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Title:
PROCESS FOR PRODUCING BTX FROM A MIXED HYDROCARBON SOURCE USING PYROLYSIS
Document Type and Number:
WIPO Patent Application WO/2015/128016
Kind Code:
A1
Abstract:
The present invention relates to a process for producing BTX comprising pyrolysis, aromatic ring opening and BTX recovery. Furthermore, the present invention relates to a process installation to convert a pyrolysis feedstream into BTX comprising a pyrolysis unit, an aromatic ring opening unit and a BTX recovery unit.

Inventors:
VELASCO PELAEZ, Raul (P.O. Box 3008, GA Geleen, NL-6160, NL)
NARAYANASWAMY, Ravichander (Sabic Research & Technology Pvt. Ltd, Plot No.81 to 85 Village: ChikkadunnasandraAnekal: Taluk, Off. Sarjapura Attibele State Highway,Near St. Philomena Schoo, Bangalore 5 Karnataka Bangalore 562125, 56212, IN)
RAJAGOPALAN, Vijayanand (Sabic Research & Technology Pvt. Ltd, Plot No. 81 to 85Village: Chikkadunnasandra, Anekal Taluk,Off. Sarjapura ¿ Attibele State Highway,,Near St. Philomena School Bangalore, Karnataka Bangalore 562125, 56212, IN)
OPRINS, Arno Johannes Maria (P.O. Box 3008, GA Geleen, NL-6160, NL)
WARD, Andrew Mark (Sabic UK Petrochemicals, P.O. Box 99TS10 4YA,United Kingdom, Wilton Centre TS10 4YA, GB)
SCHAERLAECKENS, Egidius Jacoba Maria (P.O. Box 3008, GA Geleen, NL-6160, NL)
WILLIGENBURG VAN,, Joris (P.O. Box 3008, MA Geleen, NL-6160, NL)
Application Number:
EP2014/077242
Publication Date:
September 03, 2015
Filing Date:
December 10, 2014
Export Citation:
Click for automatic bibliography generation   Help
Assignee:
SAUDI BASIC INDUSTRIES CORPORATION (P.O. Box 5101, Riyadh, 11422, SA)
SABIC GLOBAL TECHNOLOGIES B.V. (Plasticslaan 1, PX Bergen op Zoom, NL-4612, NL)
VELASCO PELAEZ, Raul (P.O. Box 3008, GA Geleen, NL-6160, NL)
NARAYANASWAMY, Ravichander (Sabic Research & Technology Pvt. Ltd, Plot No.81 to 85 Village: ChikkadunnasandraAnekal: Taluk, Off. Sarjapura Attibele State Highway,Near St. Philomena Schoo, Bangalore 5 Karnataka Bangalore 562125, 56212, IN)
RAJAGOPALAN, Vijayanand (Sabic Research & Technology Pvt. Ltd, Plot No. 81 to 85Village: Chikkadunnasandra, Anekal Taluk,Off. Sarjapura ¿ Attibele State Highway,,Near St. Philomena School Bangalore, Karnataka Bangalore 562125, 56212, IN)
OPRINS, Arno Johannes Maria (P.O. Box 3008, GA Geleen, NL-6160, NL)
WARD, Andrew Mark (Sabic UK Petrochemicals, P.O. Box 99TS10 4YA,United Kingdom, Wilton Centre TS10 4YA, GB)
SCHAERLAECKENS, Egidius Jacoba Maria (P.O. Box 3008, GA Geleen, NL-6160, NL)
WILLIGENBURG VAN,, Joris (P.O. Box 3008, MA Geleen, NL-6160, NL)
International Classes:
C10G69/00; C10G69/06
Domestic Patent References:
2006-12-28
2013-12-12
2001-08-16
2002-06-06
2007-05-18
2004-02-12
2005-01-06
Foreign References:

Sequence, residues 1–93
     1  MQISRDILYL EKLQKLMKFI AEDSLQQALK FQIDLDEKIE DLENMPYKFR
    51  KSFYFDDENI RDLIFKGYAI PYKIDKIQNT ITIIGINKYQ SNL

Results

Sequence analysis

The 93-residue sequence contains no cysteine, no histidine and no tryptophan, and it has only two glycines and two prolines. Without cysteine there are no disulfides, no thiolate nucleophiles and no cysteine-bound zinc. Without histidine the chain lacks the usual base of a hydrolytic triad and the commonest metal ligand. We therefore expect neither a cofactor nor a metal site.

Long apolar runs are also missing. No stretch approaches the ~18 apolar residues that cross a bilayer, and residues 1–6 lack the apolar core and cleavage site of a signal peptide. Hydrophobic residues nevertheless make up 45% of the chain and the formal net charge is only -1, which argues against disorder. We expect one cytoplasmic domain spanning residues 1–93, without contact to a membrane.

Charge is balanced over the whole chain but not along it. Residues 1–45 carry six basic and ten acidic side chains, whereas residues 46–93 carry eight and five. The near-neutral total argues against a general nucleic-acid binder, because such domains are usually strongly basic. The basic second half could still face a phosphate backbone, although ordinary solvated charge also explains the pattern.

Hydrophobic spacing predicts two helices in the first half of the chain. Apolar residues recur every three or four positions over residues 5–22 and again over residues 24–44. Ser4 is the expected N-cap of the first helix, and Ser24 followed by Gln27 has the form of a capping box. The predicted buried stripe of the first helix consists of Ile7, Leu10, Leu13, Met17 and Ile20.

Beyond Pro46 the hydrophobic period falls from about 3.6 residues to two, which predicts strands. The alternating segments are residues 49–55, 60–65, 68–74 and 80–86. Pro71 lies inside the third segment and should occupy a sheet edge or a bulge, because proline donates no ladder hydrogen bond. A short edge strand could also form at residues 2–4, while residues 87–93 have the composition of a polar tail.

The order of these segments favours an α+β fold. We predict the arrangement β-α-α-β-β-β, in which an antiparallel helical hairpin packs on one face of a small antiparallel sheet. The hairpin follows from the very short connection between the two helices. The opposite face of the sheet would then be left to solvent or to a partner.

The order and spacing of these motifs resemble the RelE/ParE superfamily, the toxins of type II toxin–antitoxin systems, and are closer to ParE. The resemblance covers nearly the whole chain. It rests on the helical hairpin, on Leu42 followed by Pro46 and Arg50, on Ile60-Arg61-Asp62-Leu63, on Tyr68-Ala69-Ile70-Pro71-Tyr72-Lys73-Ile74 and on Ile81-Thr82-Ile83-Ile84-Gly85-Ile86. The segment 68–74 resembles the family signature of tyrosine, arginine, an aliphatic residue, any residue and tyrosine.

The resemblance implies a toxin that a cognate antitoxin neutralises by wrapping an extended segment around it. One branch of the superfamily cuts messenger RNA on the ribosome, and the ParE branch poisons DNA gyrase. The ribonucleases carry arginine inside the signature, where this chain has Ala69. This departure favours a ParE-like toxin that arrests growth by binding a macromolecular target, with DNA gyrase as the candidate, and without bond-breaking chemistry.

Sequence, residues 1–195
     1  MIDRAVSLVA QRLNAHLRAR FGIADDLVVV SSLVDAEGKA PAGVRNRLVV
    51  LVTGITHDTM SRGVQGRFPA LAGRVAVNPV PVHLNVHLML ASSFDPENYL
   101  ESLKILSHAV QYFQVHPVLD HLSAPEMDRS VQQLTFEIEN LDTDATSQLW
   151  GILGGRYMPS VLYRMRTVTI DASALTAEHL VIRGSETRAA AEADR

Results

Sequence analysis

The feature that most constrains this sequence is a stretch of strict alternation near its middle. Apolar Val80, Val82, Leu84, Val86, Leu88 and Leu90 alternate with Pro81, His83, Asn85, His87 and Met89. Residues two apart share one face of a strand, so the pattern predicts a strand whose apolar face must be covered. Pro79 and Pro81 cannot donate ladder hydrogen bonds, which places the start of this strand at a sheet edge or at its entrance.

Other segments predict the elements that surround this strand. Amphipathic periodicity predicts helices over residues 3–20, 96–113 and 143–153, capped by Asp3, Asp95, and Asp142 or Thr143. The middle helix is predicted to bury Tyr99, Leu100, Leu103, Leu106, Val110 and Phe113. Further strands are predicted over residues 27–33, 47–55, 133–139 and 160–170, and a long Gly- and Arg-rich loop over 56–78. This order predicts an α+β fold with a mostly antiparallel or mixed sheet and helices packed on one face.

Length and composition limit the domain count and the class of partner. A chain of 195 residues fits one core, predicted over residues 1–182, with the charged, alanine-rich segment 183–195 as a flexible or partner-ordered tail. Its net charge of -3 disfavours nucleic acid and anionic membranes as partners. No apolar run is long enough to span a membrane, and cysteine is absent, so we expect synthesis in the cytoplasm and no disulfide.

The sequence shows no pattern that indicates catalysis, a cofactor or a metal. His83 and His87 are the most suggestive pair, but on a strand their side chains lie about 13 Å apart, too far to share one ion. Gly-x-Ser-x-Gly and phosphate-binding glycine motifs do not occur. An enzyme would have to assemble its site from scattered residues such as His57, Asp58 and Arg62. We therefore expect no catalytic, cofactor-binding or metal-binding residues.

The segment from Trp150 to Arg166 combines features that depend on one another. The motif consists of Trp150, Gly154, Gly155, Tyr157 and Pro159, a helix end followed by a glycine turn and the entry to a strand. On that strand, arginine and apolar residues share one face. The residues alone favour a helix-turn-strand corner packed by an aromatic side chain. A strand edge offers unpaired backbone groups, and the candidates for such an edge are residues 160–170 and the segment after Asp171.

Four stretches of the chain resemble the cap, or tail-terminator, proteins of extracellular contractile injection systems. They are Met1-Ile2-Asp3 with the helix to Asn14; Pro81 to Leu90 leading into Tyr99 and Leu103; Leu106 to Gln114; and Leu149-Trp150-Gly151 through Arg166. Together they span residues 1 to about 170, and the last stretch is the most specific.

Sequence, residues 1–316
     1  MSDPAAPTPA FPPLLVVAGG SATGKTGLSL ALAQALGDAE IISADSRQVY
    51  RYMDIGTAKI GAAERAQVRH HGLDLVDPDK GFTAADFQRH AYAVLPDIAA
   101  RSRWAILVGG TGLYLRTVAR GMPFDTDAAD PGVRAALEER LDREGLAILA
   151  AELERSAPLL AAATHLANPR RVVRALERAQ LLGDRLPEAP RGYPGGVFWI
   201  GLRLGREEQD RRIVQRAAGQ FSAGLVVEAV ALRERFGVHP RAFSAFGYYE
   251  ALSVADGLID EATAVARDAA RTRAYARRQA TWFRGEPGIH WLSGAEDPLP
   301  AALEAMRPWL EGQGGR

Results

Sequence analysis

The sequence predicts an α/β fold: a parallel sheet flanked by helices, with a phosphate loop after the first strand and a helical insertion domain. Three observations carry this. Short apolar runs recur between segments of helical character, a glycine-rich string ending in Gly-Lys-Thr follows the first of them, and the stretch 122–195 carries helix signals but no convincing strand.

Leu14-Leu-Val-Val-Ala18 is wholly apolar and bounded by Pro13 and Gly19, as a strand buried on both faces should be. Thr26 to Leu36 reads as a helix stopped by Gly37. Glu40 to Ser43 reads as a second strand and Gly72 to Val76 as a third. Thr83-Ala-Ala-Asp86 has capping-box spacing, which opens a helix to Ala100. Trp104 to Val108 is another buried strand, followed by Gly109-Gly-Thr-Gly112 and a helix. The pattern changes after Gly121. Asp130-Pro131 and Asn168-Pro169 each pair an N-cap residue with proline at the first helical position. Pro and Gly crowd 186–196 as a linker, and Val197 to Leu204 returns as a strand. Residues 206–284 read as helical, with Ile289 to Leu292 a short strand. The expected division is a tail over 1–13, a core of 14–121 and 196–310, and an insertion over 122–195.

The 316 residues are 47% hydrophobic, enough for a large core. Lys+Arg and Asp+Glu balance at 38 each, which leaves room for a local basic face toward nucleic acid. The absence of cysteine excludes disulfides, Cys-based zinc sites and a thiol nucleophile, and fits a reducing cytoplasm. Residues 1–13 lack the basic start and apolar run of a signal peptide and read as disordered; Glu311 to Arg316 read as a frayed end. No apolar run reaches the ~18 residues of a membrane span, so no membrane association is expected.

US20090173666A12009-07-09
US20090173665A12009-07-09
US20060287561A12006-12-21
US20130197289A12013-08-01
US20040004022A12004-01-08
US3256176A1966-06-14
US4789457A1988-12-06
US7513988B22009-04-07
US3556983A1971-01-19
US7019188B22006-03-28
US4056575A1977-11-01
US4157356A1979-06-05
US4180689A1979-12-25
Other References:
ALFKE ET AL.: "Ullmann's Encyclopedia of Industrial Chemistry", 2007, article "Oil Refining"
SPEIGHT: "Kirk-Othmer Encyclopedia of Chemical Technology", 2005, article "Petroleum Refinery Processes"
"Compendium of Chemical Terminology", 1997
ENCYCLOPAEDIA OF HYDROCARBONS, vol. 11, 2006, pages 591 - 614
MICROPOR. MESOPOR. MATER, vol. 21, pages 439
"Ullmann's Encyclopedia of Industrial Chemistry", vol. 6, article "Butadiene", pages: 388 - 390
"ULLMANN'S ENCYCLOPEDIA OF INDUSTRIAL CHEMISTRY", vol. 13, article "Ethylene", pages: 512
Attorney, Agent or Firm:
VROEMEN, Maurice (Sabic Intellectual Property Group, P.O. Box 3008, GA Geleen, NL-6160, NL)
Download PDF:
Claims:
CLAI MS

1. Process for producing BTX comprising:

(a) subjecting a pyrolysis feedstream comprising hydrocarbons to

pyrolysis to produce pyrolysis gasoline and C9+ hydrocarbons;

(b) subjecting C9+ hydrocarbons to aromatic ring opening to produce BTX; and

(c) recovering BTX from pyrolysis gasoline.

2. The process according to claim 1 , wherein the aromatic ring opening further produces light-distillate and wherein the BTX is recovered from said light- distillate.

3. The process according to claim 1 or 2, wherein the BTX is recovered from the pyrolysis gasoline and/or from the light-distillate by subjecting said pyrolysis gasoline and/or light-distillate to hydrocracking.

4. The process according to any one of claims 1-3, wherein the aromatic ring opening and preferably the hydrocracking further produce LPG and wherein said LPG is subjected to arom atization to produce BTX.